Wednesday, October 31st 2012

Intel Core i7-3970X Extreme Edition 6-core Processor Starts Selling

Intel's newest flagship desktop processor, the Core i7-3970X Extreme Edition, started selling. In Singapore, the chip is being sold at S$ 1,425 (US $1,167), including local taxes. Based on the 32 nm "Sandy Bridge-E" silicon, and built in the LGA2011 package, the i7-3970X is a six-core processor clocked at 3.50 GHz, with maximum Turbo Boost frequency of 4.00 GHz. The six-core chip is bolstered by HyperThreading, enabling 12 logical CPUs, 256 KB L2 cache per core, 15 MB shared L3 cache, and a quad-channel DDR3 integrated memory controller, supporting up to 128 GB of memory. Surprisingly, the chip's 200 MHz speed bump over the Core i7-3960X affected its TDP, which is rated at 150W, up from 130W of the i7-3960X.

Source: MyDrivers
Add your own comment

89 Comments on Intel Core i7-3970X Extreme Edition 6-core Processor Starts Selling

#1
Akrian
Does it come with a free butler ? If they didn't include Alfred, then I'm not buing it. =P
Posted on Reply
#2
Jizzler
They should included a free Xeon Phi to make up for lack of cores...
Posted on Reply
#3
nickbaldwin86
by: drdeathx
No its not. Ever hear of L3 cache?
Go smash your face into a wall... 3MB more L3 Cache isn't worth the extra coin... sorry.

I looked that the specs... I even know what L3 cache does and I am positive you wouldn't notice the difference of 3MB :nutkick:
Posted on Reply
#4
The Von Matrices
by: Morgoth
im still waiting for prices to drop on 6 core LGA1366 Xeons :)
This will never occur. They'll be discontinued before prices drop.
Posted on Reply
#5
TheHunter
They should release that IvyBridge-E 8core (16threads) already, instead of milking SB-e to death..


lol Intel u disappoint :D
Posted on Reply
#6
m1dg3t
I see the specs and i'm like "Oh! Interesting" then i see the price and i'm like "wTf is wrong with Intel?" then i remember there is no competition for them in this bracket :( And so the monopoly/set pricing continues...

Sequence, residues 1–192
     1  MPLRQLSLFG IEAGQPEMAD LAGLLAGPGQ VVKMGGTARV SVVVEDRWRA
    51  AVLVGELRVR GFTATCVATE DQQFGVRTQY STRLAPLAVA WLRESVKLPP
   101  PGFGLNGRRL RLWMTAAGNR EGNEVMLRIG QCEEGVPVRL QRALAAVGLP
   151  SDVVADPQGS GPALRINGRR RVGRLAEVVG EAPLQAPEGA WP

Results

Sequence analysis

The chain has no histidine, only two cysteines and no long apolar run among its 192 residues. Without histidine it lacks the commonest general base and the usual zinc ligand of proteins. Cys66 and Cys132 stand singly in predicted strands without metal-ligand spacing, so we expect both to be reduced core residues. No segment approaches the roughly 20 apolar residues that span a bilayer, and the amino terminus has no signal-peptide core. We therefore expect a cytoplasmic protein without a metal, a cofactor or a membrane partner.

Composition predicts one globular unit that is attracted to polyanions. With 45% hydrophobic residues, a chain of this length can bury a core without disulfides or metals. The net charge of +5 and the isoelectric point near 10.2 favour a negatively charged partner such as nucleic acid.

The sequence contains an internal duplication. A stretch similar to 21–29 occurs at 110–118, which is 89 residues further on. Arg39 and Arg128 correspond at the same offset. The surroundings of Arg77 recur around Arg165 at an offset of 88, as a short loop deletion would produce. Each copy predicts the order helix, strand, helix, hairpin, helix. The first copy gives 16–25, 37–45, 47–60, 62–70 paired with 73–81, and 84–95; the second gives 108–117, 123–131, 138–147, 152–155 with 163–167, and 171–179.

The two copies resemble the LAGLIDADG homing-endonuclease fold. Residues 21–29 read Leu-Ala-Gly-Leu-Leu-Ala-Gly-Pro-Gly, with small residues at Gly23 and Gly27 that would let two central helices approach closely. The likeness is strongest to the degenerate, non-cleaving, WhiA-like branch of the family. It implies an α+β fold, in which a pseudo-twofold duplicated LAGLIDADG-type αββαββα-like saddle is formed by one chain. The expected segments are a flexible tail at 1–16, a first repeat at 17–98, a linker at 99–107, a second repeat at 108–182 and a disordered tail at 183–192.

I have been looking at these EE CPUs for the last 8 years or so and i can honestly say that i don't think the pricing "scheme" has changed at all in that time. They still want ~ $1200 for a single CPU :shadedshu
Posted on Reply
#7
largon
Seems to me LGA2011 is heading the way of LGA1366.
I have a feeling Intel might just axe IB-E altogether and launch a new HEDT platform based on Haswell in mid-late and leave LGA2011 out dying much like they did with LGA1366, only worse as this time as users hoping to upgrade to IB-E would have just aging SB-E to poke at.
Posted on Reply
#8
Octavean
Actually, from my perspective the LGA2011 platform ranges in price from about ~$229.99 for the Core i7 3820 on up (at least for me at Microcenter). There are also Xeon E5 processors for way less then the EE line.

I think people look at EE chips, often like what they see then freak when they see the price. I’m not saying it isn’t a justified sticker shock but clearly the product isn’t priced for you if its going to cause conniption fits.

It’s a classic case of I want the best money can buy (or high-end) but don’t want to pay for it. EE pricing has always been consistently high from what I can recall so this is nothing new.

Having said that, Intel has done there job with the lower-end LGA1155 platform very well indeed. Therefore there is a lower cost but highly powerful option and this will likely continue on the upcoming LGA1150 platform as well.
Posted on Reply
#9
Binge
Overclocking Surrealism
by: KissSh0t
You could build a pretty good gaming system for the price of this CPU....
and you wouldn't be able to reduce your render times with a good gaming system.
Posted on Reply
#11
jihadjoe
by: tacosRcool
overpriced...
Not gonna argue with that, but the price is including Singapore's GST. If you visit Singapore and buy the chip to use overseas, you can get a refund on the 7% tax.
Posted on Reply
#13
eidairaman1
by: trickson
Too rich for my blood. Nice chip just way too much money! I can buy a car for that!
Not bad but This is to be replaced next year by IVB-E already
Posted on Reply
#14
Melvis
150w?? :eek: and people are complaining about 8 core PD at 125w, seriously?
Posted on Reply
#15
cadaveca
My name is Dave
by: Melvis
150w?? :eek: and people are complaining about 8 core PD at 125w, seriously?
:rolleyes:


Most people OC far above that. THAT is why it's an issue. Far different to start at 77W than to start @ 150 W...


I'm tempted to try to get a sample, but at 150W, I dunno.

4.0 GHz turbo clocks though...yeah, I'mma gonna ask for one.